Tony Osauzo, Benin
Today, is the D-Day, when the people of Edo State will go to the polls to cast their votes to either elect a new governor or re-elect incumbent Governor Godwin Obaseki for another term of four years.
The political atmosphere in the run-up to today’s election has been very charged, as the campaigns have been trailed by both physical violence and hot verbal exchanges, which combined to heighten the political tension in the state.
The peace initiative by the Oba of Benin, Oba Ewuare II, has however finally led to the signing of a peace pact by the political parties and their candidates, especially the All Progressives Congress (APC) and the Peoples Democratic Party (PDP), the two major and serious parties participating in the election.
It is expected that the signing of the peace accord presided over by a former Head of State and Chairman of the National Peace Council, General Abdulsalami Abubakar in Benin, would restrain violence at the election, as the candidates of the parties, Pastor Osagie Ize-Iyamu of APC and Governor Godwin Obaseki of PDP, pledged to abide by the spirit and letters of the agreement.
Now, given the boasts of finally ‘burying godfathers’ during the campaigns, today’s election is going to be a fight for the political control and soul of Edo State, a fight for political survival and relevance and a fight for ego. Therefore, all arsenals would be fully deployed by the two contending political parties in their bid to win the ‘electoral war’.
Though electoral vices such as ballot snatching/stealing, rigging, vote-buying and violence, were roundly condemned at the state governorship election stakeholders’ meeting and during the signing of the peace pact, which took place early in the week, there are strong indications that some of those vices, especially vote-buying, may feature in today’s election.
Clearly, this is where cash may play a role in swinging victory in the election.
From the viewpoint of INEC and security arrangements, all is set for the election, as sensitive materials such as ballot papers and result sheets for the conduct of the election arrived the Central Bank of Nigeria (CBN) in Benin on Wednesday, a clear departure from previous elections, where such materials arrived late.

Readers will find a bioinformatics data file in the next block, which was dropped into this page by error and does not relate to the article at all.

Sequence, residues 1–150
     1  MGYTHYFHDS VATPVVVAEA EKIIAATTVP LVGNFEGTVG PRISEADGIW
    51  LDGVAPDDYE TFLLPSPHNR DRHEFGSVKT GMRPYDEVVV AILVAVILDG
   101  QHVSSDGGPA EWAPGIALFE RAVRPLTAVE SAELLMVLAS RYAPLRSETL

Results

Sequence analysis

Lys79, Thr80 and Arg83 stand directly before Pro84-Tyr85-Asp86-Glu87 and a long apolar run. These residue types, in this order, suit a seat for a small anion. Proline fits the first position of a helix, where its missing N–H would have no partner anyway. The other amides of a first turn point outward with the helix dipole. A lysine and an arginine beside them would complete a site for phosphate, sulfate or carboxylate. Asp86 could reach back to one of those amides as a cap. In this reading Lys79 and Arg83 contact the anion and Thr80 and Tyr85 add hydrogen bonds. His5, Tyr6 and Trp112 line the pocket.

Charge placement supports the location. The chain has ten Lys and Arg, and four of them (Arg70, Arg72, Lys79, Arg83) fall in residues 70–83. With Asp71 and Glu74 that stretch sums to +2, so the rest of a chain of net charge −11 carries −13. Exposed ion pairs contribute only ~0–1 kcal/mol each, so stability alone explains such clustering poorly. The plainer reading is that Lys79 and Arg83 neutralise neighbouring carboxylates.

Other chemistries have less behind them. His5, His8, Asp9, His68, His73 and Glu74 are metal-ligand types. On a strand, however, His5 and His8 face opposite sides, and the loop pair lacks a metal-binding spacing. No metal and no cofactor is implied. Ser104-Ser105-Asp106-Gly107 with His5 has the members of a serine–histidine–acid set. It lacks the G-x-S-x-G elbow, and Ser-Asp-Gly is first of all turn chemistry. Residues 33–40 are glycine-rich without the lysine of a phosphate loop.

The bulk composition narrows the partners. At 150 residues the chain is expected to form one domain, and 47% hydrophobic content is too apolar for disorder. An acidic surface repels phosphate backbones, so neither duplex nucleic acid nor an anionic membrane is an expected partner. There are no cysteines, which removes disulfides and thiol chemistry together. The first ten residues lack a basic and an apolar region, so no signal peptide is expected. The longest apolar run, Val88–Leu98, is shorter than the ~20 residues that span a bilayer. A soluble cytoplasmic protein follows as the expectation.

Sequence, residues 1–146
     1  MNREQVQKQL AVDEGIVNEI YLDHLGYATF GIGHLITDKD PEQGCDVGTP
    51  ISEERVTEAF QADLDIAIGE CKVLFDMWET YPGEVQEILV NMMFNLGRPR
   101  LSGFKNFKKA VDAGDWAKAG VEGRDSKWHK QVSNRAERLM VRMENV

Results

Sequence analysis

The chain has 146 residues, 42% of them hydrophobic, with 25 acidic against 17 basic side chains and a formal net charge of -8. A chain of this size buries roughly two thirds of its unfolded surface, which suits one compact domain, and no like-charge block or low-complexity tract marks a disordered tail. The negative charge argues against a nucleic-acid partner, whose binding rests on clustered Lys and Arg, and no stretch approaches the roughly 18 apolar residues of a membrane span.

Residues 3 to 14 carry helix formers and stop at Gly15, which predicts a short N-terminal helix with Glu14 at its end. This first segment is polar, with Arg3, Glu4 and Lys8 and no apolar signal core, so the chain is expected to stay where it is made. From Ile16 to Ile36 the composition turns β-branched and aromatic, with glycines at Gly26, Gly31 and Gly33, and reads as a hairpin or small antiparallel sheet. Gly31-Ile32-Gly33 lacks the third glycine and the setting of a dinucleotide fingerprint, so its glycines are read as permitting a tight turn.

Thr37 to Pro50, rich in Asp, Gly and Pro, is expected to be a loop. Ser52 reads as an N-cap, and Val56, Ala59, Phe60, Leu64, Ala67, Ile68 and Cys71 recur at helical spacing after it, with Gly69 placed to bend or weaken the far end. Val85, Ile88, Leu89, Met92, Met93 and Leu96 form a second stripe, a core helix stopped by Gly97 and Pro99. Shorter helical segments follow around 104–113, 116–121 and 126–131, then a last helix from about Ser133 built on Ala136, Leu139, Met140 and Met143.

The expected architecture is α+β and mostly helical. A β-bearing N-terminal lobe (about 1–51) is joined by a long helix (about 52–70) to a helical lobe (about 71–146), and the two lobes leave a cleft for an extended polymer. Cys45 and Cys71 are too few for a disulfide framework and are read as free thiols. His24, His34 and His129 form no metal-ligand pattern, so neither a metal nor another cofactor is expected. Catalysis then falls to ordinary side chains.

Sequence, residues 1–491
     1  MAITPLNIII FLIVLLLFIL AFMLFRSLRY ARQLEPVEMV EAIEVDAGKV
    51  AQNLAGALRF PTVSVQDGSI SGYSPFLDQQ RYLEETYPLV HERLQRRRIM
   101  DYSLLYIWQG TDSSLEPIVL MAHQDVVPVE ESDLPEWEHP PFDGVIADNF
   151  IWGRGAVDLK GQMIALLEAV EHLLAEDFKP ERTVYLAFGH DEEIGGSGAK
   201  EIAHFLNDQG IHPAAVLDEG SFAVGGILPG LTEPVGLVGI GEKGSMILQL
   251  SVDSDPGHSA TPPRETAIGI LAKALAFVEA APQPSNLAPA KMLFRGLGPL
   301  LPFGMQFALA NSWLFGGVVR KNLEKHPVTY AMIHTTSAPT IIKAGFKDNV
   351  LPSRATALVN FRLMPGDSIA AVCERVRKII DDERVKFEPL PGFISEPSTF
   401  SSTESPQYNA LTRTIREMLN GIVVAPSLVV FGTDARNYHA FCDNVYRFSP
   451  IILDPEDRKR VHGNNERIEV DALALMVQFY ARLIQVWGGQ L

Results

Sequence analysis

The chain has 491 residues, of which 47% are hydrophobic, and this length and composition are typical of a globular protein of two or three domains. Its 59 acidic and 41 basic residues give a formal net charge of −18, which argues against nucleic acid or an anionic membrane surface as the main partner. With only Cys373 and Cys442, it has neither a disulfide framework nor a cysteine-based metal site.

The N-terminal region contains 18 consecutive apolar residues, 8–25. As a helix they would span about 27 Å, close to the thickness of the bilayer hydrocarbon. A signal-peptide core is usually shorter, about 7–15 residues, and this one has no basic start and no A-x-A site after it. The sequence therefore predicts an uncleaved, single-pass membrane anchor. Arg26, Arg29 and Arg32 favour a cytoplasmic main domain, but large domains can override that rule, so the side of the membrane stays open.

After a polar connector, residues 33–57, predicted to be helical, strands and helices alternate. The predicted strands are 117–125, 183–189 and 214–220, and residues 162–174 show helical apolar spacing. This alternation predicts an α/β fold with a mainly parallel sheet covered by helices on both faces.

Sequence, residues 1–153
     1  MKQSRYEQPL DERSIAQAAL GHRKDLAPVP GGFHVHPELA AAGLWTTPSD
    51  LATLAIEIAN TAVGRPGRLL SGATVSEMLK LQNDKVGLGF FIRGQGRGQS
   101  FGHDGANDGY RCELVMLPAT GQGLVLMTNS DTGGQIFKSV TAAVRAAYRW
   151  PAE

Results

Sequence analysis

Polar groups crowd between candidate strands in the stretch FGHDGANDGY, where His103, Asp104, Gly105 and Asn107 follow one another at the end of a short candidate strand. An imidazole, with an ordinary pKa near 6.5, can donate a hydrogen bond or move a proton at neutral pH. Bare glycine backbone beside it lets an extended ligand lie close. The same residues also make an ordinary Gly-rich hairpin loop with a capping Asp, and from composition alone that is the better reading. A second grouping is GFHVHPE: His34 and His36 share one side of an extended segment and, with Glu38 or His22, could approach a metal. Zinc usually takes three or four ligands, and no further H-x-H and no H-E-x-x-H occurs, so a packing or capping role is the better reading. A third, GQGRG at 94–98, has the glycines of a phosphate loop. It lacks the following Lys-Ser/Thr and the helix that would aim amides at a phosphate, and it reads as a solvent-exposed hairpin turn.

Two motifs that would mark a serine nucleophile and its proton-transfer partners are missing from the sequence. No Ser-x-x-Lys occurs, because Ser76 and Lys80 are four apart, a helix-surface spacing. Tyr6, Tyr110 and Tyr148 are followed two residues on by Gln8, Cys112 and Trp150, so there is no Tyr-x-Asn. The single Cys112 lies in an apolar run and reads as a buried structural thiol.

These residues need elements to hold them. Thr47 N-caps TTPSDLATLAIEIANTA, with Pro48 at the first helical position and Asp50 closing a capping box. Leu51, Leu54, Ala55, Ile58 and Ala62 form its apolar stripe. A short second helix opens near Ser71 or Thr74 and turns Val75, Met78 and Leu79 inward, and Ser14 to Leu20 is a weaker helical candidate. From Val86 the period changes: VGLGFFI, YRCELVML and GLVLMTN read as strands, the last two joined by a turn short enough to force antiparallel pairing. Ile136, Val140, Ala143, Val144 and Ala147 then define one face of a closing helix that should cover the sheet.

Other non-sensitive materials had earlier been delivered to the 18 Local Government Areas of the state ahead of the election, signifying the readiness of INEC to improve on its timely conduct of the election.
Similarly, security personnel for the election have been deployed to their places of assignment. Across the state, there is intimidating presence of policemen. Analysts believe that while such heavy deployment is warranted by threats of violence during the election, it could have a dysfunctional effect in intimidating voters who may stay away and thereby create voters-apathy.
In today’s election, the candidates and their running mates have their eyes on winning as the ultimate goal. In this regard, it should be noted that while the two governorship candidates of APC and PDP are from the South Senatorial district, their running mates are from the North Senatorial district.
The two districts have a population of eligible voters of about 1.2 million and 350,000, respectively. Consequently, any political party and its candidate that is able to win in the two senatorial districts may be in good stead for victory whilst not discounting votes from the Central Senatorial district with the lowest eligible voters in the state.
Notwithstanding the influence of the political parties and their candidates, latent political interests may be at work to swing victory in today’s election. No doubt, the election would be tight, as both the APC and the PDP have put in everything, intensified their campaigns and rallied their support groups in the count down to today’s polls.